Than an order of words, the conscious occupation

Of the praying mind, or the sound of the voice praying.

And what the dead had no speech for, when living,

They can tell you, being dead: the communication

Of the dead is tongued with fire beyond the language of the living.

Here, the intersection of the timeless moment

Is England and nowhere. Never and always.

This excerpt from T.S Eliot’s Little Gidding (from The Four Quartets) illustrates this well. The act of kneeling in a sacred space creates or recalls embodied experience, links to things deeper and more ancient often than we realise.

Even words, those things were throw around so carelessly, carry this embodied cognition in a way. Check out this article. Brains viewed under MRI scanners have been shown to light up in the same areas when certain words are spoken as light up when the actions those words represent are performed. Thinking the word SMILE, for example creates the same effects in the brain as actually smiling.

I’ve been pondering about the concept of therapeutic literature. That’s to say books or poetry that have a measurably beneficial effect on the reader. I’m not talking about books that are all sweetness and light and which steer clear of dark topics, but rather ones with an indefinable something that triggers a change in the reader. It might be infinitesimally small but cumulative. I’ve always found poetry(not all poetry but some) to do that for me, where the sound of the words is like a balm on sore skin, and some novels have been an authentically beneficial experience. Do you have any books that do this for you? I’d love to find more. I want to explore the experience of letting words take me places but without the imposition of heavy handed directive narrative because embodied cognition is something that takes place in the body, not in the bright, shallow, brittle thought processes. I can talk myself out of benefits of ideas but not out of the feeling of them, and it’s the feeling that speaks longest and loudest when the darkness draws in and intellect falters. 

Returning from a Pilgrimage

 

And what you thought you came for
Is only a shell, a husk of meaning
From which the purpose breaks only when it is fulfilled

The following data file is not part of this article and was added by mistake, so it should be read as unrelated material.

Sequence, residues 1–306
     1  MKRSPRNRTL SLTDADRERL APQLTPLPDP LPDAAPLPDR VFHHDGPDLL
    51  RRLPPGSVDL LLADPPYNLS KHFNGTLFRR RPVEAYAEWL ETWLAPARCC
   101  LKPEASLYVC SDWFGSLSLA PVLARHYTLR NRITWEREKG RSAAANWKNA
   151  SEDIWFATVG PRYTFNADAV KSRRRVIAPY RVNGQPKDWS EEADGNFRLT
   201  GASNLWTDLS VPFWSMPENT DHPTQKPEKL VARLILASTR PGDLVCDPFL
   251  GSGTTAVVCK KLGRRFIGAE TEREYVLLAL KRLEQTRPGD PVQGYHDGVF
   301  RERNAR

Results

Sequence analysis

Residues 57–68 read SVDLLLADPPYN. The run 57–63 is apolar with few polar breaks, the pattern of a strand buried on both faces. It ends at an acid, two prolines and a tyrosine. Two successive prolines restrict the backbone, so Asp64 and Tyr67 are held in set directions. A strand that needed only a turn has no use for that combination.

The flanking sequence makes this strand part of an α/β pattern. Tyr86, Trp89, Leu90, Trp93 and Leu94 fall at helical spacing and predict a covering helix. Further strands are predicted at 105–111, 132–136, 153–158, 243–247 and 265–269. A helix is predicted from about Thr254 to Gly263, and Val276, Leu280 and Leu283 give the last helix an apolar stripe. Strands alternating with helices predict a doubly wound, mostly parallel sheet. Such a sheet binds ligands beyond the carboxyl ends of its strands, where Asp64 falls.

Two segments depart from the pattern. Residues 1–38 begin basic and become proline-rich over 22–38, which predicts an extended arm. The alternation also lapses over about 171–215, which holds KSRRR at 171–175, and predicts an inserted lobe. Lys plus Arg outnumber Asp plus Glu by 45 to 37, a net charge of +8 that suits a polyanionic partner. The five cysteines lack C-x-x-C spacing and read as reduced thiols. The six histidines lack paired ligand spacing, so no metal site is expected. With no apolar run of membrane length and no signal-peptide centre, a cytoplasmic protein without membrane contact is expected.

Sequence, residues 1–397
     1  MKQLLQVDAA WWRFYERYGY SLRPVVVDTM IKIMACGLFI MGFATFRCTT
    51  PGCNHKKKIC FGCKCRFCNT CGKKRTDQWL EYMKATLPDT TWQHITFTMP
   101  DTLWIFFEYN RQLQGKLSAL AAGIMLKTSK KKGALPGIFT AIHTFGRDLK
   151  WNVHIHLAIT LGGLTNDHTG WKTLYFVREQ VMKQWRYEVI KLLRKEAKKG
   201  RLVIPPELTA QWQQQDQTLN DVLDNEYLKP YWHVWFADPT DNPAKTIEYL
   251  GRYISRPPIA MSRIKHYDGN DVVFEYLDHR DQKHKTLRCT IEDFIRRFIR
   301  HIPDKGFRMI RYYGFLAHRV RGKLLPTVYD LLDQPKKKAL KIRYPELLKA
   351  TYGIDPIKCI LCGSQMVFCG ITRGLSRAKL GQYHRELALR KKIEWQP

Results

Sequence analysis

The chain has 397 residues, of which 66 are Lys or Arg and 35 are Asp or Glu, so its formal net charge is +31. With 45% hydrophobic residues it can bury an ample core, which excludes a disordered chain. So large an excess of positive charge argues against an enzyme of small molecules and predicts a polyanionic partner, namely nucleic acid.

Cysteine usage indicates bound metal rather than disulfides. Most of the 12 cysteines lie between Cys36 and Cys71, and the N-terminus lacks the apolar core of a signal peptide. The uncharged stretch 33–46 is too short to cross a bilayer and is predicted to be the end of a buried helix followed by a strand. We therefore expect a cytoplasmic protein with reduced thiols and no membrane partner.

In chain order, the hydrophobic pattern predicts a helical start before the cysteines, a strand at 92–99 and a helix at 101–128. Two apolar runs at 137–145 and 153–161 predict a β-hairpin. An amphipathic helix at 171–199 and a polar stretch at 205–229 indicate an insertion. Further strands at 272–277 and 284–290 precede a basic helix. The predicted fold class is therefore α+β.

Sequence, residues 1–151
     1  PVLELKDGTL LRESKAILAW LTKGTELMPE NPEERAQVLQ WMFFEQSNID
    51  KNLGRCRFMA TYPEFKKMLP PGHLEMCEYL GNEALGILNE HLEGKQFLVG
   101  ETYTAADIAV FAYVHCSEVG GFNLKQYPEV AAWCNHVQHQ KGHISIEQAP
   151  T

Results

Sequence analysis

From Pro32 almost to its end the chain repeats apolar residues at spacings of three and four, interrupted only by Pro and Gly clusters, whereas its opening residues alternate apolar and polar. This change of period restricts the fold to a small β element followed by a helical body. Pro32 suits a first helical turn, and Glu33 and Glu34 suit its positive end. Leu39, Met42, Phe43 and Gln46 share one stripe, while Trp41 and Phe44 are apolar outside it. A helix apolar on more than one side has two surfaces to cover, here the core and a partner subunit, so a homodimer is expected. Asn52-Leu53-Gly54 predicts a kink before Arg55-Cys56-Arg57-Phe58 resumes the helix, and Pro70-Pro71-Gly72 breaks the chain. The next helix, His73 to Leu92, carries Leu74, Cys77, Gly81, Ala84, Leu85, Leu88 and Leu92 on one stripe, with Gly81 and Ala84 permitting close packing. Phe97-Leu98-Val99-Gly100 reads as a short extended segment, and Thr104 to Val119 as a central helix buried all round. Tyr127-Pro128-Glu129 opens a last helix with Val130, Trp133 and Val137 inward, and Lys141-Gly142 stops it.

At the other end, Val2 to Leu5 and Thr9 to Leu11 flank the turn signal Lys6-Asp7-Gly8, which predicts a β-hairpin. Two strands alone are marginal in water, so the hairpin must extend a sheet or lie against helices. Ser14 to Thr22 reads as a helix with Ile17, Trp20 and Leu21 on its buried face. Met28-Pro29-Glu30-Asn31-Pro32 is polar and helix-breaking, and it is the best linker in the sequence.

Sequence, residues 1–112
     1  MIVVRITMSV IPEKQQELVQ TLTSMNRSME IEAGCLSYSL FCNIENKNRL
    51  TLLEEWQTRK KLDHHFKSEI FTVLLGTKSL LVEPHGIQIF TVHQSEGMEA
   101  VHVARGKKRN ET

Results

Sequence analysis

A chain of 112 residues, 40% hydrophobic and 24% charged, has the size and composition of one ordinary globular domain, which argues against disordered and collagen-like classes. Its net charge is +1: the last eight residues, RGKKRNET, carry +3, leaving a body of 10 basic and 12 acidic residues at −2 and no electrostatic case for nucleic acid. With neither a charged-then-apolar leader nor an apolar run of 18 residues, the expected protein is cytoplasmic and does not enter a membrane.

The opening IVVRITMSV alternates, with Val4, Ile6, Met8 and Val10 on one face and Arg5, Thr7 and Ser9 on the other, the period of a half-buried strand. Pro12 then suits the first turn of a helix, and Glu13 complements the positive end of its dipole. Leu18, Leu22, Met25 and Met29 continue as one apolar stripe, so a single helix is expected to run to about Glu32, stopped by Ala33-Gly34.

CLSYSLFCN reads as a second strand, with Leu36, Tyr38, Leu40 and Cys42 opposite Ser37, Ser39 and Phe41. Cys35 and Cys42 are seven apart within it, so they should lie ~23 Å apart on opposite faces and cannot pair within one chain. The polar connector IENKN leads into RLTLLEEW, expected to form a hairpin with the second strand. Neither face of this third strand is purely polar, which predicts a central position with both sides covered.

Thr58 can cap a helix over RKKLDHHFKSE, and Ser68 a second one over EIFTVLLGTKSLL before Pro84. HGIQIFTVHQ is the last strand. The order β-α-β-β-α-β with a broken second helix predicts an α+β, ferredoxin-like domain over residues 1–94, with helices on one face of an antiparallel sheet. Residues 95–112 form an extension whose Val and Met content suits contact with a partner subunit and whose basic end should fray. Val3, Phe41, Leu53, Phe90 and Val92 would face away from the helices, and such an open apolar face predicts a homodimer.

If at all. Either you had no purpose
Or the purpose is beyond the end you figured
And is altered in fulfilment.”- TS Eliot, Little Gidding

It hits like an earthquake or a flash flood, or thunder in a clear sky, this sudden understanding, this making plain of what was obscure. It’s like being hit on the head, the violence and the unexpectedness of the realisation that now, now  you understand.

And yet, in the moment also comes a realisation that the chances are you will never be able to explain what you know now and how you come to know it. Everything becomes a metaphor, a finger pointing at the moon.

The first time this earthquake really shook my brain I was nineteen and I’d just had a professor of astrophysics explain the Theory of Relativity to me, quite cordially over a cup of coffee in a senior common room I really wasn’t meant to be in. It had taken about fifteen minutes and when he paused and looked at me to see if I “got” it, the ‘quake hit and I did. I had the sense of my own intelligence being too small, too puny to retain it and relay it back to another person, but for a few seconds I “got” it and it made sense. Then the synapses involved seemed to implode and the fragile connections were lost. But for a short while I understood.

Perhaps I might have understood for longer had my field been physics or even mathematics, but my subjects were English and Latin and I was a sneaky interloper in this world of mad professors and bad coffee.